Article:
The idea for the survey began at a 2016 faculty summit hosted by Urban@UW, an interdisciplinary effort to tackle city issues through research, teaching and community collaboration. From that summit came the Homelessness Research Initiative (HRI), which connects faculty researchers involved in homelessness issues across the Seattle, Bothell and Tacoma campuses. HRI’s initiatives have supported faculty in their efforts to, for example, develop a multidisciplinary social change curriculum, and establish a safe community hub for social services and identifying housing- and food-insecure UW students. This study was initiated and implemented by the faculty researchers themselves under the umbrella of Urban@UW and with the help of partnerships across the three campuses. UW Housing and Food Services and President Ana Mari Cauce’s Emerging Priorities Fund provided some financial support for the analysis.

The confidential, voluntary survey, administered during February and March 2018, posed a series of questions about current, past-month and past-year living situations, access to food, strategies for obtaining adequate food and housing, and sources of financial support. Methods for assembling a study sample varied slightly by campus: At UW Tacoma, a survey link was sent to all students; at the Bothell and Seattle campuses, students were sent the link at random. These different sampling strategies were used to balance the needs of each campus with a rigorous research approach.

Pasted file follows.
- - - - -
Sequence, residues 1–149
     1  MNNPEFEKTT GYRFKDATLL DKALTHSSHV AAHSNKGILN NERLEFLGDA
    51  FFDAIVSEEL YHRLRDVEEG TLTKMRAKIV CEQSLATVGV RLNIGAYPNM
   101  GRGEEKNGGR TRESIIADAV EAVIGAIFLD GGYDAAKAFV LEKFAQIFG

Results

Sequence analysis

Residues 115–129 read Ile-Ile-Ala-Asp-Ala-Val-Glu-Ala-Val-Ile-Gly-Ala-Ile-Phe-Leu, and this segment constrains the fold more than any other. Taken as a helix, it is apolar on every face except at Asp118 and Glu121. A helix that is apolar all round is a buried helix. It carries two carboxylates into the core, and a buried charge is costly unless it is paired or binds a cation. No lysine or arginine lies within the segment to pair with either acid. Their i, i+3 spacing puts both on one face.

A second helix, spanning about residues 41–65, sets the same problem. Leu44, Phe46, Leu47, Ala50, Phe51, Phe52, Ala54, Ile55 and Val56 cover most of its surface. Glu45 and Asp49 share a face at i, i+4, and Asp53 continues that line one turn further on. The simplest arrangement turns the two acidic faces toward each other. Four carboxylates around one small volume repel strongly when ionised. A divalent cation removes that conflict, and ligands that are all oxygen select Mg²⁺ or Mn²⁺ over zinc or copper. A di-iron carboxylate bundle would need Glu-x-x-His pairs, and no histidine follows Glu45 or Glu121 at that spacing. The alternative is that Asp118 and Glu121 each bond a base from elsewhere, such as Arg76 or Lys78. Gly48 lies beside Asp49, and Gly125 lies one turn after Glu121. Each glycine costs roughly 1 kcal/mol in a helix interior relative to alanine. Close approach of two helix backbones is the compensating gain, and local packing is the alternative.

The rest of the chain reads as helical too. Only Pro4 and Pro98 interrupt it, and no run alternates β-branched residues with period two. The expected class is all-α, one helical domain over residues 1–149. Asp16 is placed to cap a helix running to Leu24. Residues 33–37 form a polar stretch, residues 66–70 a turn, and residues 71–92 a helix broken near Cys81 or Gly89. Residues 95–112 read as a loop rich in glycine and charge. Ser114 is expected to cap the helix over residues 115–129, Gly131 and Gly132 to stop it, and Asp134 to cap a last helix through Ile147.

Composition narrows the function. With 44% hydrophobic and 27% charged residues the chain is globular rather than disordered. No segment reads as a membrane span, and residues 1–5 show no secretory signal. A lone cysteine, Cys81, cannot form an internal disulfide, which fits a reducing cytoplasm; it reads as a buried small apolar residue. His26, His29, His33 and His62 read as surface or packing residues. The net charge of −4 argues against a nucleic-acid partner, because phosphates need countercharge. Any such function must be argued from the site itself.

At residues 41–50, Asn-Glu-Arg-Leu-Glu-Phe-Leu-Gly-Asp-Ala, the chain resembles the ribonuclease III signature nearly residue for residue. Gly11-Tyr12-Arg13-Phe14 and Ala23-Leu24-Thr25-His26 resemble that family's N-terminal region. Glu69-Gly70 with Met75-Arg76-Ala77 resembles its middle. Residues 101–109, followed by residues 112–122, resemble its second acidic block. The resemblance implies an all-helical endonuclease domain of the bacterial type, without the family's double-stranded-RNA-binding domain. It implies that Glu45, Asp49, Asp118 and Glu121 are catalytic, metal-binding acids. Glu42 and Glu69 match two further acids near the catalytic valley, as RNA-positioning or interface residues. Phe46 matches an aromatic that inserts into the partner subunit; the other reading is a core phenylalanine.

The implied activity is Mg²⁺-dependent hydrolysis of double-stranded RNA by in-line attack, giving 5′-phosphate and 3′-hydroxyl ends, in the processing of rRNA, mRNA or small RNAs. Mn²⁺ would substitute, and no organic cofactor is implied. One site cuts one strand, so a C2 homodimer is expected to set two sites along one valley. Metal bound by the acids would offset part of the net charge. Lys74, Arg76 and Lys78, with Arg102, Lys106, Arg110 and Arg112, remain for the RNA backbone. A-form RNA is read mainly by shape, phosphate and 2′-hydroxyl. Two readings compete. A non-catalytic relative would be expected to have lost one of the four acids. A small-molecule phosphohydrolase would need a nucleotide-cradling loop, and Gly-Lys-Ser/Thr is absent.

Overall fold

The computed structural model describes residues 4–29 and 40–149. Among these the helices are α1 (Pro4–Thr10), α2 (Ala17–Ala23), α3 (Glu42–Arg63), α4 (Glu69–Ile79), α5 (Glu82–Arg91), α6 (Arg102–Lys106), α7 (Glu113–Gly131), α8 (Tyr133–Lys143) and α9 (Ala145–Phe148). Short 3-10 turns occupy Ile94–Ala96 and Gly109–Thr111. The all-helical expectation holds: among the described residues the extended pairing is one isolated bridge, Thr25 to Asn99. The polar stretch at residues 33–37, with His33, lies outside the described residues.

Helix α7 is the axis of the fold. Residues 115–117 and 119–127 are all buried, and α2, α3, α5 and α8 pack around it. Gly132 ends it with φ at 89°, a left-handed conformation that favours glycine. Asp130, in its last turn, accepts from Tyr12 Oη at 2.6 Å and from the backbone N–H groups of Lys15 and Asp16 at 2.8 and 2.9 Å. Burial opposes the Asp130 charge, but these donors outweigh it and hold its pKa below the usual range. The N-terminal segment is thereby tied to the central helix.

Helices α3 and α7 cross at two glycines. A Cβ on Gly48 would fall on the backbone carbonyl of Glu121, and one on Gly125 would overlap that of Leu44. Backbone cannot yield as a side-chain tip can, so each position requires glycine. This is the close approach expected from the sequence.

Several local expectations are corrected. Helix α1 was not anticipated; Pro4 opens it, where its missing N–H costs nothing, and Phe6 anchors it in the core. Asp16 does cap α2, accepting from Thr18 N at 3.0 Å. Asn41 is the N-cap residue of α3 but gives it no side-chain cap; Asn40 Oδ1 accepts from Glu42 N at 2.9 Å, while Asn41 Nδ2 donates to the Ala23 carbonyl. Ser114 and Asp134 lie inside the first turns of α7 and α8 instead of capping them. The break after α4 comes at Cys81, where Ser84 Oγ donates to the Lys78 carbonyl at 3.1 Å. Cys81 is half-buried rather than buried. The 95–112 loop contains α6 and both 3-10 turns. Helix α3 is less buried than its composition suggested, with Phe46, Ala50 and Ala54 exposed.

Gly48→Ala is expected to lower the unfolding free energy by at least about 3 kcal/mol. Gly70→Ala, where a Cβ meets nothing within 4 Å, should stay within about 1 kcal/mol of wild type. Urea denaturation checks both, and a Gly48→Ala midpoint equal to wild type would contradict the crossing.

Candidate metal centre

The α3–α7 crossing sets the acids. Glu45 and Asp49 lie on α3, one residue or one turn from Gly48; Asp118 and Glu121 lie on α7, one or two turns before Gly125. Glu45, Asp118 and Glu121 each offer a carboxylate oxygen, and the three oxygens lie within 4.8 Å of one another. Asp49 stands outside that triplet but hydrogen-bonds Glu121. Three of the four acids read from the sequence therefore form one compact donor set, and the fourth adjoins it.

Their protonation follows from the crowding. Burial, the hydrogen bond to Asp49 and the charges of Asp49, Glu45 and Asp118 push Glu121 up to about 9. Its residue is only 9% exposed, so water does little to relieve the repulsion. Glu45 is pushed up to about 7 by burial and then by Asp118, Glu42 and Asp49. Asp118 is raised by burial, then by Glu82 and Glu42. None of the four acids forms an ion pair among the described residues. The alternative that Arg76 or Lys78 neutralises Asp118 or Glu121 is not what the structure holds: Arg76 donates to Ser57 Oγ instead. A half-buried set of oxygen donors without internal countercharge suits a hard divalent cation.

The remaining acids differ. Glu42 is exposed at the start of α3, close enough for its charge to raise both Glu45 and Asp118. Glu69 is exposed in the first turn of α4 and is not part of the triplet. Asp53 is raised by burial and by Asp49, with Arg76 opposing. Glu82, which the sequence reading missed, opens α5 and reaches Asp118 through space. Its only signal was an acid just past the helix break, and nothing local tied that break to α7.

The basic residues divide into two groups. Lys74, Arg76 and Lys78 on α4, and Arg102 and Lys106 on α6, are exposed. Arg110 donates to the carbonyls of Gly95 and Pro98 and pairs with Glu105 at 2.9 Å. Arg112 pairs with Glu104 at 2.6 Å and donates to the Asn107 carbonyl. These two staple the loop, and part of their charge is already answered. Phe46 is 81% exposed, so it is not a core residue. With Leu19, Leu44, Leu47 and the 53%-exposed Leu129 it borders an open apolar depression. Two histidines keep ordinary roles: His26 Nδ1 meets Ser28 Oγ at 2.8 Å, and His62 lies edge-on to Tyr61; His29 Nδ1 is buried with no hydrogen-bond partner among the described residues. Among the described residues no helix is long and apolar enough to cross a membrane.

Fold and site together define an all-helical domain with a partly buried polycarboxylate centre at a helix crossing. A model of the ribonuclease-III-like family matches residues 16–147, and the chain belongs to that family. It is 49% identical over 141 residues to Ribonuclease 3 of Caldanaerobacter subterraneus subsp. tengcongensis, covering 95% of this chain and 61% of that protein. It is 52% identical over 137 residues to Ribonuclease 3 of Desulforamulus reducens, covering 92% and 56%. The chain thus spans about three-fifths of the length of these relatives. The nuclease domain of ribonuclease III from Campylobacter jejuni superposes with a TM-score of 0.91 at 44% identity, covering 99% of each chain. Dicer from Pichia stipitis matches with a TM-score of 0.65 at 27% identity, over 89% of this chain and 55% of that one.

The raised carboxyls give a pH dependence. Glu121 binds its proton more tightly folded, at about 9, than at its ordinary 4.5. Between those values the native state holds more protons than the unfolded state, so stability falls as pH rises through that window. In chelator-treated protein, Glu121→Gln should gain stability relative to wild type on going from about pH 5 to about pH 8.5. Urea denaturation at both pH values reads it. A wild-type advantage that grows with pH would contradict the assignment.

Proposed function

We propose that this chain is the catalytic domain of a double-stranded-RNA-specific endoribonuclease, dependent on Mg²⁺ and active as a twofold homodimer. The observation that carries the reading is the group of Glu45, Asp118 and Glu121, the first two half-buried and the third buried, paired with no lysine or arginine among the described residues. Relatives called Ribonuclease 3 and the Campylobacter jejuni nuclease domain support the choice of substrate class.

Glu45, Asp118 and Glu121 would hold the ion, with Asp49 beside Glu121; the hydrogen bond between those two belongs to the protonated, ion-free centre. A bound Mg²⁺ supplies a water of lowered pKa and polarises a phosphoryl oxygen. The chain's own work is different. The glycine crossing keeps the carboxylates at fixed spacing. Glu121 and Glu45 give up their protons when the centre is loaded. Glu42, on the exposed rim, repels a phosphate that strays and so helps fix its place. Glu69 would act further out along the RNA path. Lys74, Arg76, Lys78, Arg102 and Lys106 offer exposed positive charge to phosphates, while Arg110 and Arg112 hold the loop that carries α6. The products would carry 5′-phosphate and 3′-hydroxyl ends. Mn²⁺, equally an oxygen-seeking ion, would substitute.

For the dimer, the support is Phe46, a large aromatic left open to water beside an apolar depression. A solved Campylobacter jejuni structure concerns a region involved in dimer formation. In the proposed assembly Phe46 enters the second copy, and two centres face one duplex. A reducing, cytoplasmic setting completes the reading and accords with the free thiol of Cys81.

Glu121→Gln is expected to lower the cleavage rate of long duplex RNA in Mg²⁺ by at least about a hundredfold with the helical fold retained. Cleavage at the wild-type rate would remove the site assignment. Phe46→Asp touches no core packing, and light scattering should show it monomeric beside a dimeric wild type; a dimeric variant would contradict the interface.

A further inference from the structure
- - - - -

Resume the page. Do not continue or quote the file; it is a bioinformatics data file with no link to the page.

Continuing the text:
From those efforts, 5,440 undergraduate and graduate students ages 18 and older responded, a 20% response rate based on the number of students who received the survey. The majority of respondents were from the Seattle campus, with one-fifth from UW Tacoma and one-tenth from UW Bothell. Two-thirds of respondents were female, and fewer than half were white, non-international students.

Researchers then weighted the results statistically to project data proportionate to the entire tri-campus population (referred to as “population-level data”).

Rachel Fyall, an assistant professor in the Evans School of Public Policy & Governance and one of the study’s three investigators, said the results are still being finalized and interpreted. No one can say authoritatively, for example, exactly how many students are living in vehicles. But this estimate reflects the likelihood of such a circumstance, given the statistical extrapolation from the sample data, she said.

“It is clear that a minority of our university population is struggling,” Fyall said. “They may be better off than some of the nonstudent population who are struggling with housing and food insecurity, but it is undeniable that there are substantial unmet needs at the UW.”

Other key findings include:

  • About 160 people —an estimated 0.3% of the entire population —live in a car, shelter or “other area not intended for habitation.”
  • In the year leading up to the survey, an estimated 4,800 to 5,600 students experienced housing instability: They spent nights in a vehicle, shelter or tent, or doubled-up with friends.
  • More than one-third of students said they “sometimes” or “often” couldn’t afford to eat balanced meals, while 20% said they sometimes or often ran out of food, and didn’t have enough money to buy more.
  • An estimated 9,400 to 10,500 students in a given month cut the size of their meals or skipped meals to keep their costs down.